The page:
Over the past two years, HRF has awarded more than $1.2 million in grants to more than 30 developers and educators around the world. The Q2 2022 round focuses on Bitcoin-related projects. It covers software and community development, design, translation and monitoring. The Human Rights Foundation will award a total of 5 BTC in the final round of donations from its Bitcoin Development Fund.
Bitcoin and Lightning Developers Honored
The Africa Bitcoin Conference will receive the largest gift: 1 BTC. The 100 million satoshis will help support Bitcoin developers and educators on the continent. They will be able to present new ideas and hold networking events and discussions with local businesses.
The first major Bitcoin conference to take place in Africa since 2019 will be organized with this donation. A team led by Togolese human rights lawyer Farida Nabourema and Senegalese engineer Fodé Diop will handle the organization.
While only this project will receive a full bitcoin, several initiatives will be supported with half a BTC. Venezuelan Bitcoin developer Francisco Calderon will receive 50 million satoshis to continue working on lnp2pbot. This project is a peer-to-peer (P2P) bot for Telegram that allows users to exchange BTC using the Lightning Network.
In another grant related to the Lightning Network, researcher Rene Pickhardt will receive the same amount for his open source work. He is indeed a veteran developer on Bitcoin’s second layer network. Pickhardt has been a major contributor to the Lightning network. He has worked on education, research and identifying security vulnerabilities. This funding will support his continued dedication to the ecosystem.
Ruben Somsen and Dhruv Mehta will also receive a combined 50 million satoshis for their work on spacechains. A spacechain is a Bitcoin sidechain. Any user can compete to add a hash in the recent statechain block within a transaction in the Bitcoin blockchain. Somsen and Mehta’s work forms the basis of a framework that allows anyone to create their own spacechain.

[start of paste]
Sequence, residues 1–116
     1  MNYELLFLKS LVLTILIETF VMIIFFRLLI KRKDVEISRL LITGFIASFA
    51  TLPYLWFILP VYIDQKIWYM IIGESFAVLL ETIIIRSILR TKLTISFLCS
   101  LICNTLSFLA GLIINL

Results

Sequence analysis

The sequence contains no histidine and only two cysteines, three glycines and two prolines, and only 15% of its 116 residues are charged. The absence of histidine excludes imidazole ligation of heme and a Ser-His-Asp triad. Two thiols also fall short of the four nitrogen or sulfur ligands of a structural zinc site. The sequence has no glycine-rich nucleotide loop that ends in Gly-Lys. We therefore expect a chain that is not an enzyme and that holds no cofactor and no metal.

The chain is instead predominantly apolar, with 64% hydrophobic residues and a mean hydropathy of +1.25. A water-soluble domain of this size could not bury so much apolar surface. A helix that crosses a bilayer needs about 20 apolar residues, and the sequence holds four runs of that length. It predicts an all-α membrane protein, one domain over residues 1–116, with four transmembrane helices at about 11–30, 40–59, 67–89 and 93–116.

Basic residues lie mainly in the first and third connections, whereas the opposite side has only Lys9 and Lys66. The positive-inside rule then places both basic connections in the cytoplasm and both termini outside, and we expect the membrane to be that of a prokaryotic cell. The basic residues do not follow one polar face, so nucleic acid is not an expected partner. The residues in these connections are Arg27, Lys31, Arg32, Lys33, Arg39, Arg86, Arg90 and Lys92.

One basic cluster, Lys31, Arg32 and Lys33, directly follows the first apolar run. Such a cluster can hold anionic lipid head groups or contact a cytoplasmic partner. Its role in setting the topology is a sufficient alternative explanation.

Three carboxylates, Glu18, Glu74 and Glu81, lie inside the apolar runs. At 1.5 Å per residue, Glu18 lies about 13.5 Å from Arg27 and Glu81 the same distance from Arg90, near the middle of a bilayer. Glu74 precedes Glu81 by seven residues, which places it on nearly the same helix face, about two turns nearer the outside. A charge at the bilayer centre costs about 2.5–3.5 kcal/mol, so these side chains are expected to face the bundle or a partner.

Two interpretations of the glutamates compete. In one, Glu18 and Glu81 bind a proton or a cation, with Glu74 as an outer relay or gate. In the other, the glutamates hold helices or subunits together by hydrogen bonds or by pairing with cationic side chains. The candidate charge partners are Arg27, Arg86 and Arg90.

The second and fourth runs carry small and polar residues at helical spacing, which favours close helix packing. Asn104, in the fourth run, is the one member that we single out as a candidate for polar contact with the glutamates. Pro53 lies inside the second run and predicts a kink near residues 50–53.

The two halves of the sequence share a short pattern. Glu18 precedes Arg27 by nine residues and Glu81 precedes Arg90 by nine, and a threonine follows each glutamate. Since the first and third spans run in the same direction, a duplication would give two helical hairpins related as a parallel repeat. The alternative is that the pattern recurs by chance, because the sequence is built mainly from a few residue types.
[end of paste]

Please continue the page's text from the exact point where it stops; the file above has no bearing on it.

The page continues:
But not only…
In addition to developers, media will also receive funding. HRF will partner with Paxful to offer three media outlets from around the world half a BTC each. The goal? To help them expand their coverage of Bitcoin and cryptocurrency adoption. The rise of the central bank’s digital currency (MNBC) and government targeting of dissidents via the banking system will also be featured. Recipients include Cuba’s El Toque, South Africa’s The Daily Maverick and Myanmar’s Democratic Voice of Burma.
The final recipient of 0.5 BTC will be Netblocks. HRF said it would fund the Global Internet Monitor to study the impact of government restrictions on the Bitcoin protocol. This will also be used to develop the surrounding mechanisms that facilitate access to the digital currency. The grant is intended to help Netblocks continue to work at the intersection of digital rights, cybersecurity and Internet governance. This will allow Netblocks to expand its public interest research and reporting to cover emerging threats to connectivity. Indeed, these have a major impact on the global Bitcoin network.
Paulo Sacramento, meanwhile, will receive a quarter of BTC to work on the Bitcoin Design Guide. This project aims to make Bitcoin applications more intuitive and accessible. Sacramento will update the “Getting to Know Your Users” page of the guide.
Finally, Bitcoin Pakistan will also receive 0.25 BTC to help increase the availability of Bitcoin content and resources in the Urdu language. Spoken by more than 60 million people worldwide, the language is one of the top 20 languages in the world. In Pakistan, the numbers on cryptocurrencies are so large, that institutions are pressing the relevant bodies to regulate them.